UBB’s Rosacker leveraged correspondent experience to lead nation’s first bankers’ bank

Bill Rosacker

Each year as the leaves start to turn, community bankers from Washington to Ohio enjoy a two-day seminar hosted by United Bankers’ Bank of Bloomington, Minn. The event for UBB “Standard Bearer” customers annually lives up to its name: The Grand Event. One year, the multi-course dinner included the opportunity to taste a half-dozen different glasses of wine. Another year, a chef greeted everyone for breakfast and made omelets attendees could order to their liking. The concluding luncheon at last October’s affair featured stories about baseball and politics from prolific writer George Will. Attendees got a copy of his latest book, a collection of essays about the Chicago Cubs. Regular Grand Event attendees may shelve several books from UBB events, including a book by a former CIA spy, a memoir by the U.S. Navy’s first female fighter pilot and a thriller by the late St. Paul writer Vince Flynn.

Long-time UBB President William Rosacker, as always, was gracious and welcoming at the 2017 seminar, despite losing his wife of 43 years, Pam Rosacker, days earlier. Pam, so often seen at Bill’s side at the various industry meetings, died after a short battle with cancer. Bankers got a clue something was seriously wrong when Pam missed the early-August Independent Community Bankers of Minnesota convention, where her kids, Billy and Stephanie, accepted a 50-years-in-banking recognition award for her.

This year, Rosacker received his own ICBM award recognizing 50 years in the business; but far from eyeing retirement, the 73-year-old banker remains passionate about community banking. At last year’s Grand Event, Rosacker welcomed North American Banking Company CEO Michael Bilski, who demonstrated ExcheQ, a Venmo-like person-to-person payments product his bank had just launched. Rosacker, like payments guru Bilski, believes community banks must hold onto their role in the payments system. Leveraging partnerships and strategic alliances, UBB is working to give community banks greater P2P payments capability.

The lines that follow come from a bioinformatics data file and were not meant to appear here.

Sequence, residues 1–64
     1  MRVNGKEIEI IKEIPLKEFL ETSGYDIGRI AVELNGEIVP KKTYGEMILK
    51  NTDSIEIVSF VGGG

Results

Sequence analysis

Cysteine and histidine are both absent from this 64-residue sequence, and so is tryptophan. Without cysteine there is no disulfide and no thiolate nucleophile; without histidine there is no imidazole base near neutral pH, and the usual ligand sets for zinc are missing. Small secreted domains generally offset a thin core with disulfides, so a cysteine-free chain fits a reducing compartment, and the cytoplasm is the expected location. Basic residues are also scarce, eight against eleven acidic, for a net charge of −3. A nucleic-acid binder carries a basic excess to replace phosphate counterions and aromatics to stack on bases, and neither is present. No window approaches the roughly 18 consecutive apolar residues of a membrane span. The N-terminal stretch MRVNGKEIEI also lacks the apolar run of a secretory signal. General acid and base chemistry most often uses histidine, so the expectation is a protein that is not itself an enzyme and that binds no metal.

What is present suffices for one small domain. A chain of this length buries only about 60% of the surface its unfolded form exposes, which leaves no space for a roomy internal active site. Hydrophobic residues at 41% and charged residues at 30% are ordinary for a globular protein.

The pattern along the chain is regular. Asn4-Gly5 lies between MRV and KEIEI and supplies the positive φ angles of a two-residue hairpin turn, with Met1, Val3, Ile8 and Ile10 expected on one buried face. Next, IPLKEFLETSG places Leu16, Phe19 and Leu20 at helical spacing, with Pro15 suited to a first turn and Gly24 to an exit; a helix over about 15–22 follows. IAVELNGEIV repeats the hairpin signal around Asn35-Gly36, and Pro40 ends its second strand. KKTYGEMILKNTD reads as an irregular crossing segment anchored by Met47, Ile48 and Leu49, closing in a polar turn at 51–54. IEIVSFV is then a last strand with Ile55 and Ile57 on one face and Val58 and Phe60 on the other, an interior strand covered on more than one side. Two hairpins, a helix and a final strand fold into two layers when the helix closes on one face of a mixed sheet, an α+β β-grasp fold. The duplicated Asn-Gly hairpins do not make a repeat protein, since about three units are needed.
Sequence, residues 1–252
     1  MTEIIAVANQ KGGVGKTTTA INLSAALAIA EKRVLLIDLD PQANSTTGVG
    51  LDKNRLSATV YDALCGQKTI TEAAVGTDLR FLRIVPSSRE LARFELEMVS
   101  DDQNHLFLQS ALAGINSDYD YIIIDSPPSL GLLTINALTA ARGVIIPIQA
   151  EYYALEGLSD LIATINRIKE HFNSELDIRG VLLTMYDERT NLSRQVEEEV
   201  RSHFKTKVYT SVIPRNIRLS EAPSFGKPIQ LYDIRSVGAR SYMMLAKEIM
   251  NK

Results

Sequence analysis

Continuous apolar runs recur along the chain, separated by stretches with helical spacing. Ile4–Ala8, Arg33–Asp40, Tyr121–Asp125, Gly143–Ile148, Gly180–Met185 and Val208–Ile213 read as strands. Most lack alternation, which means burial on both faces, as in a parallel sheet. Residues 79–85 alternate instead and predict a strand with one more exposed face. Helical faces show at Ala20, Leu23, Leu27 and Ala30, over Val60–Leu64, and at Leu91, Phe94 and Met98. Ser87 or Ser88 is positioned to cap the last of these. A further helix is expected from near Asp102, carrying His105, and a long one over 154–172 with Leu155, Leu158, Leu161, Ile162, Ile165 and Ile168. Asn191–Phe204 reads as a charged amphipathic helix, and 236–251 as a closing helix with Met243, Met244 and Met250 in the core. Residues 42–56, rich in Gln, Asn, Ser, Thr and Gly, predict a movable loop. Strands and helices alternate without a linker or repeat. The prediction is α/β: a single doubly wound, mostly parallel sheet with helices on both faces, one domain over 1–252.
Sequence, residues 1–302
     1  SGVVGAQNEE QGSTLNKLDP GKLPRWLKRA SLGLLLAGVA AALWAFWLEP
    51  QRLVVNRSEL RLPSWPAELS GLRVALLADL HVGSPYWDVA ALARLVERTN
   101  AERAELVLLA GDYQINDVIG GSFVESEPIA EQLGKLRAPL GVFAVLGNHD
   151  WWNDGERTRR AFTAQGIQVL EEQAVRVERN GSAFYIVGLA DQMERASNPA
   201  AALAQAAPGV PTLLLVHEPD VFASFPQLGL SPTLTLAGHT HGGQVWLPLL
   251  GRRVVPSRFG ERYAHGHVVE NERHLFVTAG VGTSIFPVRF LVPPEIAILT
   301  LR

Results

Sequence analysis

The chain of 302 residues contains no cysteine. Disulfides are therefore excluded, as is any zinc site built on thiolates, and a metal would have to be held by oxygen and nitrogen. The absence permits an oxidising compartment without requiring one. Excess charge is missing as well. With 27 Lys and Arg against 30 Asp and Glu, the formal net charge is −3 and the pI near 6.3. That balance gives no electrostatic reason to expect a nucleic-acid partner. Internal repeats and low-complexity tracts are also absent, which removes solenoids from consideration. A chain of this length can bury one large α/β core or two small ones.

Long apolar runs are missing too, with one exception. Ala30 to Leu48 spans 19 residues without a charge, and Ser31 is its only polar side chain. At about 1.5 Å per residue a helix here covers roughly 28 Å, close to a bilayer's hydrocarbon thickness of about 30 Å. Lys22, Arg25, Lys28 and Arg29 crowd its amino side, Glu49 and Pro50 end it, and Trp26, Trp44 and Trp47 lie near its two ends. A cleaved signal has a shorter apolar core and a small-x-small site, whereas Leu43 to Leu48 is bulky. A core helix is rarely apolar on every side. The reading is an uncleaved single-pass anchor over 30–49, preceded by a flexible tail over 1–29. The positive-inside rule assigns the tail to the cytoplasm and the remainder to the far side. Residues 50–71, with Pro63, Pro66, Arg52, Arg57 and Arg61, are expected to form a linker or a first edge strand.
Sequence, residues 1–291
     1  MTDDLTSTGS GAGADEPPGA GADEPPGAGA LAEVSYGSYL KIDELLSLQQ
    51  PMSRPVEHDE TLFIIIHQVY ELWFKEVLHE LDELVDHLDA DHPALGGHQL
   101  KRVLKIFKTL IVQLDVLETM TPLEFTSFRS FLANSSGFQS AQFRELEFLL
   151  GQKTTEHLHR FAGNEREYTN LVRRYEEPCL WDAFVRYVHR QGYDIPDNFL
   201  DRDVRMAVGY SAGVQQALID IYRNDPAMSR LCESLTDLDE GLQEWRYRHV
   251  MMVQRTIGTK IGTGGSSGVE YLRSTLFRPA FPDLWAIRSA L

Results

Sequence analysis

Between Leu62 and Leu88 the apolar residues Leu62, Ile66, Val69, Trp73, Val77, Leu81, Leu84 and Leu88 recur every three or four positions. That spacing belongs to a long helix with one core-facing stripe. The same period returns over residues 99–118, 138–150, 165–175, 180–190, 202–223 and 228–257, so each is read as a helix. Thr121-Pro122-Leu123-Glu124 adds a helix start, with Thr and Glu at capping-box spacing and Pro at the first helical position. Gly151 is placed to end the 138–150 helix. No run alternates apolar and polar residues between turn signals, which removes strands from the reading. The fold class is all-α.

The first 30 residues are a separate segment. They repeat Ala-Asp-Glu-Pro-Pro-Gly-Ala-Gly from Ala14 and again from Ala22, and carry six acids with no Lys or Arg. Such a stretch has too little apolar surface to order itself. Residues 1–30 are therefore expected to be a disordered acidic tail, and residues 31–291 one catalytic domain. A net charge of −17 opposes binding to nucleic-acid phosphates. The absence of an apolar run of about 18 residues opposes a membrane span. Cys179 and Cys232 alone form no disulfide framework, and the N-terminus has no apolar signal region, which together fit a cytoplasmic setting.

Because of the impact Rosacker has had on UBB, his many customers and the community banking industry across the country, BankBeat magazine is honoring him with its first-ever Lifetime Achievement Award.

 

Leader for the ‘Minnesota Experiment’

When bankers in the mid-1970s formed the Independent State Bank of Minnesota, observers called it the Minnesota Experiment. The idea that banks could band together to form their own “bankers’ bank” was untested but well-understood by small-town bankers who, discontented buying services from the region’s super banks, believed such relationships put their customers at risk of being poached. A decade into the experiment, the farm crisis was in full swing and many farmers had trouble paying back loans held by ISBM customer banks. With its limited services charter, ISBM was involved in just two kinds of lending: ag participation loans and bank stock loans. Prohibited from making direct loans to the general public, ISBM bought pieces of farm loans its customers made, in addition to marketing those pieces to other community banks. With the farmers unable to keep up, their lenders suffered – some so severely they had trouble paying off those loans with ISBM.

When Rosacker joined the bank in 1985, he identified a number of problems that needed to be resolved. Among his early moves: he reduced the size of the staff, froze salaries and dropped employee benefits including his own. Rosacker set a goal of raising $2 million in capital to add to the $2 million it already had. He hosted meetings all over the state, bringing together small groups of bankers to urge them to support ISBM.

“I went on the road and I was brutally honest. I went through almost every credit explaining what the problem was, and where we had problems in the bank and what we were going to do about it,” Rosacker explained. “I had people come up to me after those meetings thanking me for being so straight forward.” Ultimately, Rosacker raised $1.8 million.

Additional capital was key but other moves helped to preserve the bank. For example, one person Rosacker retained on staff was Anne Hofstede who headed the bank’s operations. She was the bank’s primary contact with most of its customers throughout her career, which concluded with her retirement two months ago.

Key hires included Jeff Betchwars who managed the bank’s investment portfolio, and Chuck Blair from the Federal Reserve Bank of Minneapolis to be his senior lender. Rosacker also hired Kevin Bostrom who broadened the bank’s participation lending into real estate and commercial loans. And he hired Chuck Hokans to handle marketing.